the people ride in a hole in the ground
Duke Ellington, Take the "A" Train.
Le Tigre, My My Metrocard.
The Last Poets, On the Subway.
New York Dolls, Subway Train.
Tom Waits, Downtown Train.
"We were very tired, we were very merry---
We had gone back and forth all night on the ferry.
We hailed, "Good morrow, mother!" to a shawl-covered head,
And bought a morning paper, which neither of us read;
And she wept, "God bless you!" for the apples and pears,
And we gave her all our money but our subway fares."
Edna St. Vincent Millay, "Recuerdo."
Three subway moments:
9 train at South Ferry, evening. A mother and her toddler-age son walk through the doors and, without missing a beat, the mother says, "corner pocket." The kid runs to the small bench across from the conductor's booth and sits down.
N train, near Times Square. It's a quiet midday train, and the conductor starts giving advice over the intercom. "Gentlemen...you know, you don't need a suit and tie...to be a gentleman. If you see a lady standing, why don't you give her your seat? And if you're single, and she is too, well...I can't think of a better way to start a conversation."
4 or 5 train, Brooklyn Bridge. Late at night. A mild-looking middle-aged woman walks into the empty car ahead of me. There's a burning stench in the air. She takes a sharp sniff and turns to me. "It's crack!!" she says.
Five songs about the IRT/IND/BMT:
"Take the A Train," written by Billy Strayhorn (the title came from the directions Ellington gave the young, Pittsburgh-born Strayhorn as to how to get up to Harlem) is Duke Ellington's signature song. Recorded in 1941 by Ellington's all-time greatest group, the "Blanton-Webster" band (Jimmy Blanton played bass, Ben Webster played tenor sax). Available on all sorts of Ellington compilations--none finer than this.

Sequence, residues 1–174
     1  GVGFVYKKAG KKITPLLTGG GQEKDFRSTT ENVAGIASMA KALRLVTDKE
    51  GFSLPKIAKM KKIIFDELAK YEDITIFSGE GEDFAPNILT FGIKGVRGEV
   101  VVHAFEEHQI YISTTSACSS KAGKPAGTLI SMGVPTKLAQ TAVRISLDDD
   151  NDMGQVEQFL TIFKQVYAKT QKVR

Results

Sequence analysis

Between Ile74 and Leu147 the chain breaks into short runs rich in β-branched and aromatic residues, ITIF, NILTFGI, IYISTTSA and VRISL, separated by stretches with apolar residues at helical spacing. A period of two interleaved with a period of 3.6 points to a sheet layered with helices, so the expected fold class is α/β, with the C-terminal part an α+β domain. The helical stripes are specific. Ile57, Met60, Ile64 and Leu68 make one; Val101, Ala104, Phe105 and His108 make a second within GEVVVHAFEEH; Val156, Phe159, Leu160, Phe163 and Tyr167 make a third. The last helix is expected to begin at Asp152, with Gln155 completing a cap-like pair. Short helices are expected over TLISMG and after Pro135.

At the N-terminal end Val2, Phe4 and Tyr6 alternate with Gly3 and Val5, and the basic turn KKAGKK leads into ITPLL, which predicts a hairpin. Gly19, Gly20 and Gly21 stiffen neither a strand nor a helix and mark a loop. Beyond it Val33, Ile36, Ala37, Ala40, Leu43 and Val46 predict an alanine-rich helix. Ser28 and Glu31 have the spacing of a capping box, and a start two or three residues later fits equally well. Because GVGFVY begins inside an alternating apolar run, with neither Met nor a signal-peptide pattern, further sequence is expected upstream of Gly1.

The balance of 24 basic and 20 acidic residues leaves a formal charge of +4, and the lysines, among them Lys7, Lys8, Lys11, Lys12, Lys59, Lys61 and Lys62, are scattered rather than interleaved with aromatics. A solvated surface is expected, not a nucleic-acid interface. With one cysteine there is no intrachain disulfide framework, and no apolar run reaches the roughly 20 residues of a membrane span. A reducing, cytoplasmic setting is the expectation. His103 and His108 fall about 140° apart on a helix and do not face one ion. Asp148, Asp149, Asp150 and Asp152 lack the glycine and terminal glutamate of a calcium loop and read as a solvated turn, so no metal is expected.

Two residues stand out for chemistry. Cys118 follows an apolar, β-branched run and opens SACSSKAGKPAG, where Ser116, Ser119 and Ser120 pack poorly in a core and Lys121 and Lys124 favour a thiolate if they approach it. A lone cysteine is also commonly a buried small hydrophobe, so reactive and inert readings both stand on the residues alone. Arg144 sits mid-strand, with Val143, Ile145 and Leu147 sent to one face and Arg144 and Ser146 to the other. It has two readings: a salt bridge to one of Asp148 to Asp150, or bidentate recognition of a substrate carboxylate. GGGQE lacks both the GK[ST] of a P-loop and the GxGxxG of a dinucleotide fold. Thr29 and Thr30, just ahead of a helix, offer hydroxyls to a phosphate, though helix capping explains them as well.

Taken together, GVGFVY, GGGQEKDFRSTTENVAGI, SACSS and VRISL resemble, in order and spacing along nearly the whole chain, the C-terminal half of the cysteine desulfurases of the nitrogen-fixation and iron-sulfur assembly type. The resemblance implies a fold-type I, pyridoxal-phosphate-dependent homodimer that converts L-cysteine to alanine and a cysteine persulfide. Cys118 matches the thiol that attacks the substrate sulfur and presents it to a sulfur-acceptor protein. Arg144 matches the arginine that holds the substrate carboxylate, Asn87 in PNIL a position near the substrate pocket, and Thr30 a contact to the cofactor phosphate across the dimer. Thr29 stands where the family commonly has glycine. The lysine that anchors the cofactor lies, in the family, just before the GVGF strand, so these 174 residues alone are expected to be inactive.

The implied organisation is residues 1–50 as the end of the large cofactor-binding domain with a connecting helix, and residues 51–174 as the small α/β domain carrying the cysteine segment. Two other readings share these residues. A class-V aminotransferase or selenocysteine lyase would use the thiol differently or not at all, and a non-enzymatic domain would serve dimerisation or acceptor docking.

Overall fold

"My My Metrocard" is off Le Tigre's first album, released in 1999. Le Tigre (as of this album) is Kathleen Hanna, Sadie Benning and Johanna Fateman. Visit their website, buy their stuff. For non-New Yorkers: the Metrocard is the plastic yellow card that gets you past the turnstiles--it quickly and quietly killed off the storied subway token in the late 1990s.
The subway has always been the tense racial intersection of New York. "On the Subway" is off the incendiary, amazing first album by the Last Poets, released in 1970. The Poets were David Nelson, Gylan Kain, and Abiodun Oyewole.
Having a set of New York songs without including the Dolls is inconceivable. "Subway Train" is off their first album, produced by Todd Rundgren, released in 1973. I saw David Johansen once, sitting outside a restaurant on Columbus Ave. at midday, looking stunned to be awake so early. Get it here.
And Waits' "Downtown Train" is an obvious but neccessary choice. If for some reason you haven't heard this song before, or are only familiar with the Rod Stewart version, sit down and listen to it a few times. Then get Rain Dogs. Please.